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SELECTBIO Conferences Clinical Translation of Stem Cells 2014

Gregorio Chazenbalk's Biography

Gregorio Chazenbalk, Research Associate, Dept of Obstetrics and Gynecology, University of California-Los Angeles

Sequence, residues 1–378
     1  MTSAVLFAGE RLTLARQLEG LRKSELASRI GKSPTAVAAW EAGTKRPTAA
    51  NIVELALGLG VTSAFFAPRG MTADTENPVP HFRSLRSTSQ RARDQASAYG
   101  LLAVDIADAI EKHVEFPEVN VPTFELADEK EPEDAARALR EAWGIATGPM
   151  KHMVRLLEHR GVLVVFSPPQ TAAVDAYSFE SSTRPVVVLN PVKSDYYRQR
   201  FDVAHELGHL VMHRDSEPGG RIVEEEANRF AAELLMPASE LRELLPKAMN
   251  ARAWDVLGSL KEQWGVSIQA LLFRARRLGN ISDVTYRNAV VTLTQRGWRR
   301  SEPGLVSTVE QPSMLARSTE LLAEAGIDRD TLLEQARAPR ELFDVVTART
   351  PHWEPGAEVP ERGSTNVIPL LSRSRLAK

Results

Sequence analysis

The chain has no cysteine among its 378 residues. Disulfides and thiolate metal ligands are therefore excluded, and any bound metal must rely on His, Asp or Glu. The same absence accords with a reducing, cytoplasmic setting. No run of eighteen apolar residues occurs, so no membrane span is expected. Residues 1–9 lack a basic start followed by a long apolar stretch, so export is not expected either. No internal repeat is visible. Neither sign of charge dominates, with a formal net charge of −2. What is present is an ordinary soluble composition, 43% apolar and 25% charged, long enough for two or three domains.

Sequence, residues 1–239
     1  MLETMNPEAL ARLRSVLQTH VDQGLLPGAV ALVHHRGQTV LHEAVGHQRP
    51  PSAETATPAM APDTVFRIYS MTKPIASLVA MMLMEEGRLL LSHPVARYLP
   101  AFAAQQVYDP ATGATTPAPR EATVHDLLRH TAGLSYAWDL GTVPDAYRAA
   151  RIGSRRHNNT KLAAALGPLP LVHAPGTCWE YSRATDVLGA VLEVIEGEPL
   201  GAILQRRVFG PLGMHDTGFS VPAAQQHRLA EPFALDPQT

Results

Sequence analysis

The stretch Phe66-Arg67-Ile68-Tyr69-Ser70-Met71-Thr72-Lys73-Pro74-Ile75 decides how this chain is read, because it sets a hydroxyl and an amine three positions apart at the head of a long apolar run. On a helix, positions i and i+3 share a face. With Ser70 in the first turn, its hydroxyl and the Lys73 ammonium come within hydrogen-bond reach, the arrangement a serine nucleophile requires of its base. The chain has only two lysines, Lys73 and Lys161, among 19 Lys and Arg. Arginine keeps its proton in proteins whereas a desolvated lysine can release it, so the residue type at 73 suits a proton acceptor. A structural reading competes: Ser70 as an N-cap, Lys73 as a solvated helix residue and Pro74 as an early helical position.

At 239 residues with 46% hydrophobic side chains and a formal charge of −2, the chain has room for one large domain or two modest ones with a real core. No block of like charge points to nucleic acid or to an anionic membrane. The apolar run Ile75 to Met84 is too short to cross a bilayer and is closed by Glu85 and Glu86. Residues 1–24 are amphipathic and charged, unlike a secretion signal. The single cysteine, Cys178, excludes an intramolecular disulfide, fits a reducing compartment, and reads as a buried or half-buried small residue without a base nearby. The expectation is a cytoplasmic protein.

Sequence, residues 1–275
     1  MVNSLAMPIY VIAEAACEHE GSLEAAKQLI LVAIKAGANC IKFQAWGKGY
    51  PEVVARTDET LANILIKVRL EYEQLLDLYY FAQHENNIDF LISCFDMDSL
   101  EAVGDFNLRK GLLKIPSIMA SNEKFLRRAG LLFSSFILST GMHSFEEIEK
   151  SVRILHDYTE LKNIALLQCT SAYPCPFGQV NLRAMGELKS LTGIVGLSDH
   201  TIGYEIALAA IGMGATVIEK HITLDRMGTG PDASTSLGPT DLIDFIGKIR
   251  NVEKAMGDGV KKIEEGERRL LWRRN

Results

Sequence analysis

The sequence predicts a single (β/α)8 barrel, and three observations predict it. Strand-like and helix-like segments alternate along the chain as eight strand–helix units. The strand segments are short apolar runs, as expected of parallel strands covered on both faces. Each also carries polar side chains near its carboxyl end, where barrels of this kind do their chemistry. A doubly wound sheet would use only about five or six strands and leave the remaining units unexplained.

As a basic scientist with more than 30 years of experience in molecular and cellular biology, Dr Chazenbalk has demonstrated substantial leadership experience in directing successful and productive research. His efforts has produced a body of work in the fields of molecular endocrinology, immunology, and cell biology resulting in more than 100 publications in prestigious journals such as Science, Proceedings of the National Academy of Sciences of the United States of America, Journal of Clinical Investigation, Journal of Biological Chemistry, Journal Clinical Endocrinology and Metabolism, and others. Early in his career, Dr Chazenbalk was awarded multiple scholarships from the Argentine Foundation of Endocrinology, the National Research Council of Argentina and the Argentine Endocrinology Foundation. After working for more than 20 years in thyroid research at the VA Hospital of San Francisco, the University of California, San Francisco (UCSF) and in the Thyroid Autoimmunity Disease Unit at Cedars Sinai Medical Center, Los Angeles, Dr Chazenbalk has been recognized internationally as an expert in thyroid regulation and autoimmunity. During that period, Dr Chazenbalk cloned the entire repertoire of human thyroid peroxidase autoantibodies which play a critical role in Hashimoto’s thyroiditis and conducted critical studies on the structure-function of the human thyrotropin receptor (TSHR), primary antigen of Graves’ disease. In addition, Dr Chazenbalk has pioneered discoveries on the cleavage site of the human thyrotropin receptor which has wide-ranging implications for the understanding of the pathophysiology of Graves’ Disease at both the molecular and cellular levels. His work in this field led him to successfully engineer the human thyrotropin receptor A subunit. The availability of this protein ignited further studies illuminating its crucial role in the initiation and/or amplification of the autoimmune response in Graves disease. Dr Chazenbalk was honored in 2001 to receive the prestigious award “Best Thyroid Scientist” from the Latin American Thyroid Association for my work in this field. In 2006, Dr Chazenbalk joined the Department of Obstetrics and Gynecology at Cedars-Sinai Medical Center as a scientist and as a member of the faculty of the Departments of Medicine and Obstetrics and Gynecology at UCLA. Since that time, Dr Chazenbalk has examined the role of inflammation in insulin resistance in adipose tissue of patients with Polycystic Ovary Syndrome (PCOS). Dr Chazenbalk was the first scientist to demonstrate that the accumulation of preadipocytes can be accelerated in vitro via cross-talk between adipocytes and resident macrophages and adipose stem cells, which can generate new adipocytes. This phenomenon may lead to the development of novel methods of tissue regeneration and reconstructive medicine, as well as in 2013, Dr Chazenbalk discovered a novel population of stem cells with pluripotent characteristics isolated from human adipose tissue. Despite their pluripotency, these stem cells do not produce teratomas in vivo, offering new avenues to treat many disorders (stroke, heart attack, diabetes, neurodegenerative and immune disorders, etc). This discovery has made a significant impact in the fields of regenerative medicine and cell therapy and has been recognized in the national and international media. It has also led to a patent application entitled “Pluripotent Human Adipose Adult Stem Cells: Isolation, Characterization and Clinical Implications.” Dr Chazenbalk received in 2014 an award from the Japanese Society of Science for his work in this field and to be invited to serve as the Editor of a scientific book entitled, “Muse Cells: A New Era of Pluripotent Stem Cells”, which is scheduled for publication by Springer in September 2015.